Biodiversity and ecosystems

Rising demand for renewable resources has increased silage maize (Zea mays L.)production characterized by intensive soil management, high fertilizer and pesticide inputs as well as simplified crop rotations. Advantages of renewable biomass production may thus be cancelled out by adverse environmental effects. Perennial crops, like cup plant (Silphium perfoliatum L.), are said to benefit arthropods. Substituting silage maize could hence increase biodiversity and foster ecosystem services.
Anthropogenic climate change is altering the functioning of terrestrial ecosystems. Agricultural systems are particularly vulnerable to climate change as they are frequently disturbed by intensified management practices. This also threatens belowground organisms that are responsible for providing crucial ecosystem functions and services, such as nutrient cycling and plant disease suppression. Amongst these organisms, earthworms are of particular importance as they can modulate the effects of climate change on soil organisms by modifying the biotic and abiotic soil conditions.
Elsevier,

Biodiversity of Pantepui, The Pristine “Lost World” of the Neotropical Guiana Highlands, 2019, Pages 403-417

This book chapter addresses goals 15, 13, and 12 by discussing conservation efforts to protect pristine and untouched land in the Pantepui area.

This collection of articles focusses on SDG 14 (life below water). Every coastal State, including several members of G20, face threats to marine ecosystems and the environment as complex societal, economic and governance challenges. Ocean management involves multi-disciplinary science and complex issues of policy design, while implementation demands consultative decision making and long term capacity development.

This article highlights the winning proposals of the fourth edition of the Elsevier Foundation Green & Sustainable Chemistry Challenge. The winning proposals were chosen for their innovative green chemistry aspects and their large positive impact on the environment, contributing to SDGs 6, 13 and 15.
Elsevier, TrAC - Trends in Analytical Chemistry, Volume 114, May 2019
The presence of small plastic particles in the environment, reported for the first time in the 1970's, has only recently been recognized as a global issue. Although environmental awareness continues to grow, so does its consumption and associated risks. The number of studies reporting the presence of microplastics, has grown exponentially as did the concern over plastic degradation into smaller particles like nanoplastics, a potentially more pernicious form of plastic pollution.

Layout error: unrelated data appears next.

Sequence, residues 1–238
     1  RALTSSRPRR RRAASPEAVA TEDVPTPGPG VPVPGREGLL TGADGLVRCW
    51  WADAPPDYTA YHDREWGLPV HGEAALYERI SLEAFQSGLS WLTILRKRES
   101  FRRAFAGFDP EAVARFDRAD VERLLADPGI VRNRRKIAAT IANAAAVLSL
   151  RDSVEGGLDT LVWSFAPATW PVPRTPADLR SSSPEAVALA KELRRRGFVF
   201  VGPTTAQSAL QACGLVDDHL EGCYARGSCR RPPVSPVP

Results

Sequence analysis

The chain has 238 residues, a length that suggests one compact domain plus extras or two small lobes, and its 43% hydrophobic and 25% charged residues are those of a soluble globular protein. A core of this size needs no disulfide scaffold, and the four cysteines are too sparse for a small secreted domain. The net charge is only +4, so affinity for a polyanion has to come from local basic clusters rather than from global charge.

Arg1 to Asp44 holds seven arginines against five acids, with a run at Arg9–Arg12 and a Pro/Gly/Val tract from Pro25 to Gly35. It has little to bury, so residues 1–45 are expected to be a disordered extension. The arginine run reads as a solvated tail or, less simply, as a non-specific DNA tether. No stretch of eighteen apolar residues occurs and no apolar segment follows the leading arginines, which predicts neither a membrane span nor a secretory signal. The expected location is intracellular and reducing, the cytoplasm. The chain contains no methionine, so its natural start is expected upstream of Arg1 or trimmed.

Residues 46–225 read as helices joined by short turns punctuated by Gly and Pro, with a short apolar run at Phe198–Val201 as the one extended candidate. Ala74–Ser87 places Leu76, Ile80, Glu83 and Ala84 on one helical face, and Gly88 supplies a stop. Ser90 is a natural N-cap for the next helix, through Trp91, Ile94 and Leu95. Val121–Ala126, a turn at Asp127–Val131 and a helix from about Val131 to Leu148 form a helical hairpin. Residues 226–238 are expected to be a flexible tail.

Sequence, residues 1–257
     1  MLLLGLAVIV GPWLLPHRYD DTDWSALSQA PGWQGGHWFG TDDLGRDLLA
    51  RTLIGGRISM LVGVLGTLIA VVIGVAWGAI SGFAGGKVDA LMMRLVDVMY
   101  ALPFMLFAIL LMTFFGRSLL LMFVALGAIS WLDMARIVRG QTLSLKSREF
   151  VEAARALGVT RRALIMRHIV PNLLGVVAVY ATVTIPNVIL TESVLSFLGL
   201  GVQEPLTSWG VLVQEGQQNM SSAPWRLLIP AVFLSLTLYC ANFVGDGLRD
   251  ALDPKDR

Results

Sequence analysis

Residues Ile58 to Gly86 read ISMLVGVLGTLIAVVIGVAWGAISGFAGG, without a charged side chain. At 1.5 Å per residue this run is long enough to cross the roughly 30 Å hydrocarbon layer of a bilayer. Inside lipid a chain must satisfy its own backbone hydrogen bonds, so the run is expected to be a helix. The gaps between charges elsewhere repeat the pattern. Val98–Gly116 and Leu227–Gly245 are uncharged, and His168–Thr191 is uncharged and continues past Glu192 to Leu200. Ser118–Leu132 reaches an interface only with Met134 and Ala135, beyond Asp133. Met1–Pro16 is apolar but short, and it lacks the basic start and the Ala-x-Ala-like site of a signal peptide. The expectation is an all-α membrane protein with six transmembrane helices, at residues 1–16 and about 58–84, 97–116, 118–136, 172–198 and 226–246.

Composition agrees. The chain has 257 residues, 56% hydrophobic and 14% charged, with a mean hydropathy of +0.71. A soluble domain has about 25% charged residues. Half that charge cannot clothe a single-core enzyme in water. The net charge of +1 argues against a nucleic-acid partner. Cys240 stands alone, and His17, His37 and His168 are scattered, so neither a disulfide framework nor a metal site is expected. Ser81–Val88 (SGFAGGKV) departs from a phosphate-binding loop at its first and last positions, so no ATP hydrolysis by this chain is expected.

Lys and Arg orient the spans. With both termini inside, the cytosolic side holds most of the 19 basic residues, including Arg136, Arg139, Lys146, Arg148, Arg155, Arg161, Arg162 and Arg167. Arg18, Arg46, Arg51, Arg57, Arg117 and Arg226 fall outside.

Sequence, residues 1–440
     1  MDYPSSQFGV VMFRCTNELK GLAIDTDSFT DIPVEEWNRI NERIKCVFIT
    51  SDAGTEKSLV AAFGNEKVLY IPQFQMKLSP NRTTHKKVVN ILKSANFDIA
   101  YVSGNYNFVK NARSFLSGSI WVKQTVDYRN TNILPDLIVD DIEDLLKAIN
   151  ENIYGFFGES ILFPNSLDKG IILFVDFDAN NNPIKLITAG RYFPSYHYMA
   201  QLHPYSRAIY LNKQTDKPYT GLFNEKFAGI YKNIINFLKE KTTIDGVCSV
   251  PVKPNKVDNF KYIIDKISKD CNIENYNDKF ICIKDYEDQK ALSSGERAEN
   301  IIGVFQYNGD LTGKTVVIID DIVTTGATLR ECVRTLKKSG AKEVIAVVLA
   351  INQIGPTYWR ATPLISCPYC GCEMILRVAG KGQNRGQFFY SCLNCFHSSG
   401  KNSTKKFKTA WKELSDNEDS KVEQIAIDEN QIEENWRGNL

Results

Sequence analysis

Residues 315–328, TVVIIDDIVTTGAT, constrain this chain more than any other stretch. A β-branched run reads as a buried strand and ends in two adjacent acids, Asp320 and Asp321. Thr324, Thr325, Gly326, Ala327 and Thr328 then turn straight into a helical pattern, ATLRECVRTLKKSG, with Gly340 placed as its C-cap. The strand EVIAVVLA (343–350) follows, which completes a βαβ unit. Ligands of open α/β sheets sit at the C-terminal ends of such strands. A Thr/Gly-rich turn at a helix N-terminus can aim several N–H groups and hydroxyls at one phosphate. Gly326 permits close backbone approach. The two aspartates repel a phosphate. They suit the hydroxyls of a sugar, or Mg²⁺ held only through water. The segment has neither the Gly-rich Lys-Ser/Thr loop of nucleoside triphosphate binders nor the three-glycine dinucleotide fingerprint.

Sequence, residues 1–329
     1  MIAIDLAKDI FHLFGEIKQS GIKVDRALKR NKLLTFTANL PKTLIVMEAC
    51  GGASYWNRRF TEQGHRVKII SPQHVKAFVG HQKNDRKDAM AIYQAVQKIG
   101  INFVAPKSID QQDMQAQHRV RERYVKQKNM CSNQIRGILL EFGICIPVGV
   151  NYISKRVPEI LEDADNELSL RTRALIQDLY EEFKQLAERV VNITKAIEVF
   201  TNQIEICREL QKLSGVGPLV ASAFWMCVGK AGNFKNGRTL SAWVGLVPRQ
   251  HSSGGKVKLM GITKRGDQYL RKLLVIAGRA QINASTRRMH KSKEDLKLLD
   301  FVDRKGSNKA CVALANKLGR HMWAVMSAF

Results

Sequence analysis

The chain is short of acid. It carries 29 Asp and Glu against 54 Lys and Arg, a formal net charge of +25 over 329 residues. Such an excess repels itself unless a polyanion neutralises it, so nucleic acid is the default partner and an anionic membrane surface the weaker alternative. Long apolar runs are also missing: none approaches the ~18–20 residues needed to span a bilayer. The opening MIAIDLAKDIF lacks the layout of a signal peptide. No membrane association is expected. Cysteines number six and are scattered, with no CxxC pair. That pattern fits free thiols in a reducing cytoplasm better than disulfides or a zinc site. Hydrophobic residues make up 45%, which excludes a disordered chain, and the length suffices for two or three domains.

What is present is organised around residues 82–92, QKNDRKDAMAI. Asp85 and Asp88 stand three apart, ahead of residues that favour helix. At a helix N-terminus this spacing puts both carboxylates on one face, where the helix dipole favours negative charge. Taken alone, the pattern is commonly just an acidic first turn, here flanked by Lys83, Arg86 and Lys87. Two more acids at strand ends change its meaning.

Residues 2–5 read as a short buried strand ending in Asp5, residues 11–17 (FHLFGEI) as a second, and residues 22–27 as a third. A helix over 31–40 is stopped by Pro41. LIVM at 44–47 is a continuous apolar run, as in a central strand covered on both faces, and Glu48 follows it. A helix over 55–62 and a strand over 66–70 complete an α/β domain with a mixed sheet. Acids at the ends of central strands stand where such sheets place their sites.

At the 21st session of the United Nations Framework Convention on Climate Change (UNFCCC, COP21), a voluntary action plan, the ‘4 per 1000 Initiative: Soils for Food Security and Climate’ was proposed under the Agenda for Action. The Initiative underlines the role of soil organic matter (SOM) in addressing the three-fold challenge of food and nutritional security, adaptation to climate change and mitigation of human-induced greenhouse gases (GHGs) emissions. It sets an ambitious aspirational target of a 4 per 1000 (i.e.
It has long been established that the spatial scale of inquiry affects the ecological patterns that are revealed. However, studies of the ecological drivers underlying the assembly of soil animal communities rarely adopt a multi-scale perspective. Here, we quantified the distribution of oribatid richness along a chronosequence of temperate hardwood forests in a deglaciated region of eastern North America and analyzed variation in oribatid community structure at two grain sizes: 0.1 m2 and 900 m2, and two spatial extents: 20–150 m and 80–420 km.
Elsevier,

Encyclopedia of Caves (Third Edition), 2019, Pages 678-685

This book chapter addresses goals 15 and 11 by focusing on how human activities influence the biodiversity of life on land.
PET is a ubiquitous material because of its robust properties. Today, less than 30% of PET bottles and few carpets are recycled in the United States, leading to the majority of PET being landfilled. The low PET reclamation rate is due to the fact that PET bottle recycling today is mechanical, resulting in a devalued product. Here, reclaimed PET (rPET) bottles are converted to fiberglass-reinforced plastics (FRPs), which sell for more than twice that of rPET. When monomers derivable from biomass are incorporated, rPET-FRPs with superior properties are achieved.

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